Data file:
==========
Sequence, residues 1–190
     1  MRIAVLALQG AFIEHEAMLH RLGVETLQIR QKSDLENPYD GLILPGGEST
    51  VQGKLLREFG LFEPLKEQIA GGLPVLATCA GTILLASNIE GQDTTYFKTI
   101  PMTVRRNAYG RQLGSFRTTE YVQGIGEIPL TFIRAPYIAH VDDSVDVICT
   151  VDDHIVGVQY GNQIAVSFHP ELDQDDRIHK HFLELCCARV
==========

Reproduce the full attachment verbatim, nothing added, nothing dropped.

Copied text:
Sequence, residues 1–190
     1  MRIAVLALQG AFIEHEAMLH RLGVETLQIR QKSDLENPYD GLILPGGEST
    51  VQGKLLREFG LFEPLKEQIA GGLPVLATCA GTILLASNIE GQDTTYFKTI
   101  PMTVRRNAYG RQLGSFRTTE YVQGIGEIPL TFIRAPYIAH VDDSVDVICT
   151  VDDHIVGVQY GNQIAVSFHP ELDQDDRIHK HFLELCCARV